Questions for Reflection in your Faith Sharing Group

When have you experienced government as supportive of your Christian values? 
When have you experienced government as in conflict with your values? 
When have you spoken out to challenge the values and practices of government or society?


What themes and demands from the “occupation of wall street” connect with Catholic Social Teaching?   What does our Social Teaching have to add to these protests?
Actions - Links

World Food Day
World Food Day, October 16th, is a worldwide event designed to increase awareness, understanding and informed, year-around action to alleviate hunger.  Sign the petition at  Recent Papal messages for World Food Day can be found at

The Stand up and Take Action against Global Poverty Days are October 15th -17th.  This is an effort to demand that world leaders keep their promises to end poverty and inequality.       Recall the Millennium Development Goals which are listed here:

Jubilee USA
 October 8-16 is Illegitimate Debt Week! “Jubilee groups from all around the world are coming together for a week of action against illegitimate debt and reforming international financial institutions. We are demanding global debt justice by breaking the chains of debt slavery! “
October 16 is Jubilee Sunday - a Day of Prayer and Action.  “Join Jubilee Congregations around the U.S. in standing up for the hungry, poor, oppressed and vulnerable!” Get info at

“Crazy Facts”

United Nations Food and Agricultural Organization estimates that in 2010, 925 million people suffered from hunger.   In 2005, the latest year for which data is available, 1.4 billion people in developing countries lived in extreme poverty, or on less than $1.25 a day, down from 1.9 billion in 1981.

 About 75% of the world’s poor people live in rural areas and depend on agriculture for their livelihood. In 2008, nearly 9 million children died before they reached their fifth birthday. One third of these deaths are due directly or indirectly to hunger and malnutrition.   Around the world, 178 million children under 5 are stunted, low height for age. Of all stunted children, 90 percent live in just 36 countries, most of them in sub-Saharan Africa and South and Central Asia.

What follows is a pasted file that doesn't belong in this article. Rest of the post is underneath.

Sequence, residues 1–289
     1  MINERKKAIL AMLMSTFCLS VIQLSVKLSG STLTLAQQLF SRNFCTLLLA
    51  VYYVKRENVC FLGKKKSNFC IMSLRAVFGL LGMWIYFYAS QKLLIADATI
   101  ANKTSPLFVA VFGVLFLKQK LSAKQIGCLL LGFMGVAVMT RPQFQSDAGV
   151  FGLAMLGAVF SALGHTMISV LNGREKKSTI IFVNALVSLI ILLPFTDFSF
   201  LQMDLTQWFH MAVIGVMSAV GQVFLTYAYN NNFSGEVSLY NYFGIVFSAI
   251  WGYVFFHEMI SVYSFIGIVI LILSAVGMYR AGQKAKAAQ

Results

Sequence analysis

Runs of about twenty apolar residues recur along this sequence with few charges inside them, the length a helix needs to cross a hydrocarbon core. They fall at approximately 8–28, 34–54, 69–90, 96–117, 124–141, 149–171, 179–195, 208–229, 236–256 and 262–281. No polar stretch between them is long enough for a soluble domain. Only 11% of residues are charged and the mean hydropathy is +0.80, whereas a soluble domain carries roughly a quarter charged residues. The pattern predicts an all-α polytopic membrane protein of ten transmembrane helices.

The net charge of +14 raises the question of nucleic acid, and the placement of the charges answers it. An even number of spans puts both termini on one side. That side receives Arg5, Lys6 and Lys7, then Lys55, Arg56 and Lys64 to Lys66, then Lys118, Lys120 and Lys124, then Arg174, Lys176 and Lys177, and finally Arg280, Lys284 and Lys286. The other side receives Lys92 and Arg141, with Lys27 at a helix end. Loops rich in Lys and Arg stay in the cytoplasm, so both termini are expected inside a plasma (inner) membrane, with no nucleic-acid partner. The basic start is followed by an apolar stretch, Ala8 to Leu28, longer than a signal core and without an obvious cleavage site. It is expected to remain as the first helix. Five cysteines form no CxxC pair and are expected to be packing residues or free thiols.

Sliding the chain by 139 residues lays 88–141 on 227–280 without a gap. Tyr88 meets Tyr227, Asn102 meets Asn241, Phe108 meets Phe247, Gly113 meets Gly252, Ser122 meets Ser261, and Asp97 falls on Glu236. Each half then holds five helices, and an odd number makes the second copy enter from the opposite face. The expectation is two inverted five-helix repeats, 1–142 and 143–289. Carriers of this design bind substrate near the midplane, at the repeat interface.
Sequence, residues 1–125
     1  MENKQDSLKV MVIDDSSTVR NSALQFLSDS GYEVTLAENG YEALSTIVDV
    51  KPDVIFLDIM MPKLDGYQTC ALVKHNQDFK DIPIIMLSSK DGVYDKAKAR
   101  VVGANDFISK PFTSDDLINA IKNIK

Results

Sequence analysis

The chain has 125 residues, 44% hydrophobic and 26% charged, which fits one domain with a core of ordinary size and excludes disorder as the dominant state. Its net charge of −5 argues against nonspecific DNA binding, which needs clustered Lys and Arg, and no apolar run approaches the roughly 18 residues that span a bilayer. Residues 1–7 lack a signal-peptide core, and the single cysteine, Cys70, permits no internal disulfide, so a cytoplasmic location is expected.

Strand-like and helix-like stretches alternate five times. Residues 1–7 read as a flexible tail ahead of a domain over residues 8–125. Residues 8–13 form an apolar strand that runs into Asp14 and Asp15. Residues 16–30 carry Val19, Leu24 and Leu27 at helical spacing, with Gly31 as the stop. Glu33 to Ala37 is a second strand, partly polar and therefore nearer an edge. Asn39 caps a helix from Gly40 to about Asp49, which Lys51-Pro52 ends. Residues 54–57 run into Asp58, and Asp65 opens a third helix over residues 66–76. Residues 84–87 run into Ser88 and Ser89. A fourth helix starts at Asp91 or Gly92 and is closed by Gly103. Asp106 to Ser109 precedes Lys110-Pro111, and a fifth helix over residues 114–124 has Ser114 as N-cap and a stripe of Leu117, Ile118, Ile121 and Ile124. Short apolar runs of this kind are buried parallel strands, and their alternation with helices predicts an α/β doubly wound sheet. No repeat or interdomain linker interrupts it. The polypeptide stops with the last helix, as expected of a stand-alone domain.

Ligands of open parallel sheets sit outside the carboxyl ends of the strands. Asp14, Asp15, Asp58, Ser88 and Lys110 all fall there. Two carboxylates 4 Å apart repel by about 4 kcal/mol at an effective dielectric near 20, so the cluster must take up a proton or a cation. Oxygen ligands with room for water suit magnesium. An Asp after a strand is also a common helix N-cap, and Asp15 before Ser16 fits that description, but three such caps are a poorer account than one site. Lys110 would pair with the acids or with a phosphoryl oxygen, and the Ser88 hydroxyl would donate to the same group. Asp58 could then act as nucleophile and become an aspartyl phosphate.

The above is from Bread for the World at

Prayers of Intercession
Response:  Lord, guide us on the road to justice and peace.
For the billions of people in our world who are poor, we pray…..
For the many less-developed nations of the world who are burdened by debt, we pray….
For all the people who are homeless or in danger of losing their homes, we pray…..
For the millions of people who are refugees without even a nation to call home, we pray….
For the countless people who are excluded because of their ethnic or racial heritage, we pray….
For our political leaders called to lead us through all the difficulties, we pray….
For wisdom and integrity as the United States moves toward the upcoming election, we pray….


God, we pray that your spirit may rule over all things.

May your spirit rule over kings and presidents
    Over prime ministers and generals
        Over CEOs and party bosses
            Over the legislature and over the bureaucrats
                Over all citizens.

May your spirit guide us on the way of peace
    On the way of honest dialogue
        On the way of reconciliation between peoples
            On the way of disarmament and justice
                On the way of freedom and life for all.

May your spirit lead us on the journey of blessings shared with all
    On the journey of educational opportunity for all our children
        On the adventure of research and study that helps all men and women
            On the road to meaningful work for all your people
                On the path of solidarity and love between all our brothers and sisters.

May your spirit help us
    To speak up with courage
        To share what we have and what we are
            To challenge the powers that be
                To offer a message of liberation and life.